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Sandi Falconer

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I suppose it started when an unsolicited, private message appeared in my Facebook Messenger inbox. It was from a woman I met briefly through a mutual friend. It began innocently enough: “Hey, girlfriend. Wanted to invite you to join my next challenge group – we’ll be focusing on fitting in 30 minutes of exercise, balanced nutrition and motivation. Let me help you reach your goals! Can’t wait to talk to you about this!"

I laughed and closed my browser but the meaning behind the message stuck with me all day. My body is on the fluffy but average side but, more importantly, I’m healthy. The more the day went on, the heavier her message weighed on me. The insecurity about my body which had simmered quietly under the surface was brought to life by one little Facebook message. That got me thinking about social media in general and how it took up too much of my time.

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I had to step away from the mindless scrolling for the same reason I can’t buy Halloween candy before Oct. 30 – no self-control. The catching up and reconnecting with old friends that drew me into social media has morphed into a daily stream of irritation: The “Vaguebook” posts which leave me scratching my head – someone I care enough about to have as a friend on Facebook posts about a struggle but “doesn’t want to get into it.” The streams of photos from a #motheroftheyear that leave me questioning whether I do enough for my son. Then there are the fear mongering “suggested posts” which make me wonder if I do too much for him. Vacation posts are fun but remind me that we only took two vacations this year (typing that makes me cringe). A plethora of marketing posts have me wondering if I should be buy all-natural cleaners and use essential oils to heal my son’s eczema. Fine dining, shopping sprees and far too many pedicure photos bombard my eyes and already overwrought brain. Facebook, which started as a distraction, had become a habit – a toxic habit that stole my happiness by magnifying every insecurity I have about myself and my (beautiful) life. It took and took and took and added nothing in return.

But what drove the nail into my Facebook coffin was when I posted a photo – and five minutes later my son asked how many “likes” it got. Cue the sound of screeching brakes – his question was an epiphany.

Likes equal acceptance and approval. I had forgotten that acceptance and approval need to come from within and I had unknowingly set a dangerous precedent as it won’t be long before he has his own phone and the freedom to post his own pictures. I don’t want him waiting with bated breath for his peers to “like” them and, by extension, like and accept him. I don’t want him believing that his self worth relies on what others think and click.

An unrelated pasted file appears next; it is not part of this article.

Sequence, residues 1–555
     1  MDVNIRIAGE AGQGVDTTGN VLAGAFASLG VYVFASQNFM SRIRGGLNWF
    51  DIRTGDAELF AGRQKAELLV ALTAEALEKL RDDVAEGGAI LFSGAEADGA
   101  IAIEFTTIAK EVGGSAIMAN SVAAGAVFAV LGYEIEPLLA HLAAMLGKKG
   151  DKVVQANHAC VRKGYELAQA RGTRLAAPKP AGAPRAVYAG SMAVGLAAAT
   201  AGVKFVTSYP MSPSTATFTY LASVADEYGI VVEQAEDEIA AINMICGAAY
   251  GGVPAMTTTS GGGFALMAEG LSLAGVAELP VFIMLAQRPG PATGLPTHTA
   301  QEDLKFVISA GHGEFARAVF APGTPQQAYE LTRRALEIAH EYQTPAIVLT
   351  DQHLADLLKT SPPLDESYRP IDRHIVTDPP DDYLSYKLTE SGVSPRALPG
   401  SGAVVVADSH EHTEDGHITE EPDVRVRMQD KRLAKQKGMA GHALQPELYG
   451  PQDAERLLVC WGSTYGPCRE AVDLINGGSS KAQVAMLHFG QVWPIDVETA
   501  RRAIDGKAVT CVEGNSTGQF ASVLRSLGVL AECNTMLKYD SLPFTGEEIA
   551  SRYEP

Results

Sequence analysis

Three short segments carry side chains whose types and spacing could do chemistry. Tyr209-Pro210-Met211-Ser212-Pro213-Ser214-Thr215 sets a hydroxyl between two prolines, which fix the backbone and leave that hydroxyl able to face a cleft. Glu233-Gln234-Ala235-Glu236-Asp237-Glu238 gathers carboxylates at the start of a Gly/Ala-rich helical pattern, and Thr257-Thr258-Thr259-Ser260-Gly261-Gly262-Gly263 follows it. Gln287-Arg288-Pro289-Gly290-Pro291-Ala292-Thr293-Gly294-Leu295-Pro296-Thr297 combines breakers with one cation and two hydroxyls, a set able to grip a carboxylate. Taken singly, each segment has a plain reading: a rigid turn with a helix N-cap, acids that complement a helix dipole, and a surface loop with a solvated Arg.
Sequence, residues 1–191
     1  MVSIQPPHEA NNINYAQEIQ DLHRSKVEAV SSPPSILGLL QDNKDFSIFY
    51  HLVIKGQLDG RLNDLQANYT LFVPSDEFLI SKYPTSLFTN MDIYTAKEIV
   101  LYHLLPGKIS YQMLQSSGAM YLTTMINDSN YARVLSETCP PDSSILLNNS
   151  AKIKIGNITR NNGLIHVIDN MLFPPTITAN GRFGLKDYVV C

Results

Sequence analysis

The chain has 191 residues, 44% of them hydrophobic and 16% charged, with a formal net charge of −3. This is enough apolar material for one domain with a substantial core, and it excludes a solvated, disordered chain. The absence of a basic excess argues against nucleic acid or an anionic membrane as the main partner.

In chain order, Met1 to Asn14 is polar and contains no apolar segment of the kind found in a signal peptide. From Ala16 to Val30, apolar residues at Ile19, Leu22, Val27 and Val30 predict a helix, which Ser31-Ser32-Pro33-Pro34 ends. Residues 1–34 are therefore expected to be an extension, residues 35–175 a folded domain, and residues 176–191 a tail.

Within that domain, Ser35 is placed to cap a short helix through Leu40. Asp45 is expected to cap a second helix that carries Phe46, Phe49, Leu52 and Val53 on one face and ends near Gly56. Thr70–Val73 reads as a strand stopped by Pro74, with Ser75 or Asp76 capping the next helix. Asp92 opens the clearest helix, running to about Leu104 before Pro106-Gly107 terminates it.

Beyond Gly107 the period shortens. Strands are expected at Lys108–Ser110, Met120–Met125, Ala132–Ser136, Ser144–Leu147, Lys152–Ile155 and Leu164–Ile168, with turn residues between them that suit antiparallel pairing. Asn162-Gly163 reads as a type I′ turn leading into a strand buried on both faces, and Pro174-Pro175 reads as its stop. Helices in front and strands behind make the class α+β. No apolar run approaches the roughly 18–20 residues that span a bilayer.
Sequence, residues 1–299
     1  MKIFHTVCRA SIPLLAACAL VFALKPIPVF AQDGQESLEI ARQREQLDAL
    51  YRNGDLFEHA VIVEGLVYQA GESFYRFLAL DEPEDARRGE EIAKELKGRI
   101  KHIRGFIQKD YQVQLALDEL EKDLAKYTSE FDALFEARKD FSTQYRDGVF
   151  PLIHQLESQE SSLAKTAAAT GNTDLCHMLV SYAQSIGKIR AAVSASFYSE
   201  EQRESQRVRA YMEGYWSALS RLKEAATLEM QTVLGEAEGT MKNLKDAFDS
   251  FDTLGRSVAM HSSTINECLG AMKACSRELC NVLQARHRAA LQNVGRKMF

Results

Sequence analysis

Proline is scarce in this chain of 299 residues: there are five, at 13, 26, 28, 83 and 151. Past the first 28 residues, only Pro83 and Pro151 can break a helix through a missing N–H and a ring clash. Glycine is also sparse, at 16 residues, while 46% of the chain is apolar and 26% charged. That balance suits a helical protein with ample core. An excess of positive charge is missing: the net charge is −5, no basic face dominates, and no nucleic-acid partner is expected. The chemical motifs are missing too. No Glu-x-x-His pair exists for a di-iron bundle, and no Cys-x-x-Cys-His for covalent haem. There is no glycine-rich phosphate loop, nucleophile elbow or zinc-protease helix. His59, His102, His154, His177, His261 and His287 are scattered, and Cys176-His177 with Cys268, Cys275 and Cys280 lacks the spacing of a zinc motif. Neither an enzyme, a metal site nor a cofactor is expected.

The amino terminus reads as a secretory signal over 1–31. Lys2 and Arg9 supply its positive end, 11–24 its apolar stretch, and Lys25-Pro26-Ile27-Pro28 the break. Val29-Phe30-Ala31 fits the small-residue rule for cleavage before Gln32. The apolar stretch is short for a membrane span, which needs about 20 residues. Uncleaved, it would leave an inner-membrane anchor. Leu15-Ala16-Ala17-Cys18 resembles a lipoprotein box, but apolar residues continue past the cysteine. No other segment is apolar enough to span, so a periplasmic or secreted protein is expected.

I tried to remember what life was like without Facebook. Surfing the internet was an occasional distraction and I spent a lot more time reading books and magazines. I printed out photos and put them in albums. Checking in with friends happened through texts, e-mails or phone calls. The acronym FOMO (fear of missing out) didn’t exist because we weren’t bombarded with photos of our friends having fun without us. Was life easier then than it is now? In an effort to both recreate the simplicity of those days and set a healthier example for my son, I deactivated my Facebook account.

I felt lost at first. I missed the mindless scrolling while waiting in lineups. I carry a novel and a crossword puzzle book with me (which prompted the teenager sitting beside me at the blood clinic to comment “that’s so retro!”) I’d been in the habit of checking Facebook first thing in the morning and last thing at night, so I had to come up with some new habits. I rediscovered crocheting. I started taking yoga classes.

Leaving Facebook left my mind quiet enough to remember a few important things: My body is fine just the way it is. My close friends will text or call me if they are struggling and I will help them. I do my best to be a good mother, our son is happy and healthy, and we are damn lucky to be able to afford our two vacations a year. I stopped watching events through my phone and photographing them like the suburban paparazzi. The results were almost immediate once the fog of Facebook lifted. Our happy moments as a family were enhanced because I was completely present and the break left me feeling better about myself, my family, my home and my life.

After a few weeks, I returned to Facebook. I look at the photos of my friends’ kids growing up and treasure how it allows me to keep in touch with family far and wide. I look in on a daily basis, but only once with little desire to post as much as I once did. Facebook is not an addiction any more. I understand that you can’t compare your behind the scenes with other people’s front page, and I’m much happier for that.

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Interestingly, after writing this essay, I first submitted it to a mental-health website as a potential story to post. They rejected it, and then recommended that I “like” their new Facebook page.

Angie Elliott lives in Bolton, Ont.

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